PACL’s and DACL’s introduced the ability to apply security policy to layer 3/layer 4 IP traffic with the PACL and DACL being applied directly to the layer 2 interface. So now we can filter traffic on a per port/user level. This is much better than the router ACL (RACL). I can use RADIUS authorization to assign a user a specific ACL based on their AD group memberships, independent of the network subnet that they happen to be connected to. It works OK for filtering traffic destined to network hosts with static IP’s. It is not very helpful for filtering anything destined to dynamic IP’s. What if you wanted to filter IP traffic between two devices on the same VLAN? Technically, you can do this since the ACL is applied at the port level, however, practically this would be a total mess. I would say over 99% of access networks today use DHCP. How are you going to reliably block traffic destined to an IP address that constantly changes? You aren’t. So, nobody does this. If I can’t filter traffic between HR user and Finance user at the same site (when using the same VLAN), then I damn sure can’t do it across sites (HR user at site A to Finance at site B – I don’t know what IP Finance user at site B has...its dynamic). So, I guess it is back to creating new subnets for every unique security policy.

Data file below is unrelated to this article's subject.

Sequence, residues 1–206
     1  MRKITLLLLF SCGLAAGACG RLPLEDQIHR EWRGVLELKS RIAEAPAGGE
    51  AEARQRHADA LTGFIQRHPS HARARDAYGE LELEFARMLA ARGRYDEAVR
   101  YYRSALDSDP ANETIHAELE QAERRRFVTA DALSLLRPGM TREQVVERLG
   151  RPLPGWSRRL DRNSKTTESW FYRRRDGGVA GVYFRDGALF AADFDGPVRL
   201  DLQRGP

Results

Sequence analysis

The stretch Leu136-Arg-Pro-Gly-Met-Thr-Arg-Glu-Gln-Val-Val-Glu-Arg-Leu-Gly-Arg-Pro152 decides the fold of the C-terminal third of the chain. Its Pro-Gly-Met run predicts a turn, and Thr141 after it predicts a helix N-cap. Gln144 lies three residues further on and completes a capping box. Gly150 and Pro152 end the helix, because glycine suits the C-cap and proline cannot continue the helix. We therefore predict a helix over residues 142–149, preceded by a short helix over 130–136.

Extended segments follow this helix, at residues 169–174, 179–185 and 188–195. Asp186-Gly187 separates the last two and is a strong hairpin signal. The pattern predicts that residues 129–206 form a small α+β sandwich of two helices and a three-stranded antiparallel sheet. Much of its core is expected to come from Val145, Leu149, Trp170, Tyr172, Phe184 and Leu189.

The last issue I’ll note with IP based security policies is that IP addresses are location specific. This leads to ACL bloat. Let’s take one small example of this. Imagine you have a web application with web front ends distributed across three data centers. Imagine you want to write a rule that says these web servers can only be accessed on TCP80 and TCP443 (we’ll even assume “any” source IP can access these web servers to make it easier).
Web Server IP’s
DC1 Web Server: 10.1.1.1
DC2 Web Server: 10.2.2.2
DC3 Web Server: 10.3.3.3
Here is what the traditional IP based ACL looks like
ip access-list extended WEB-SERVER
permit tcp any host 10.1.1.1 eq 80
permit tcp any host 10.1.1.1 eq 443
permit tcp any host 10.2.2.2 eq 80
permit tcp any host 10.2.2.2 eq 443
permit tcp any host 10.3.3.3 eq 80
permit tcp any host 10.3.3.3 eq 443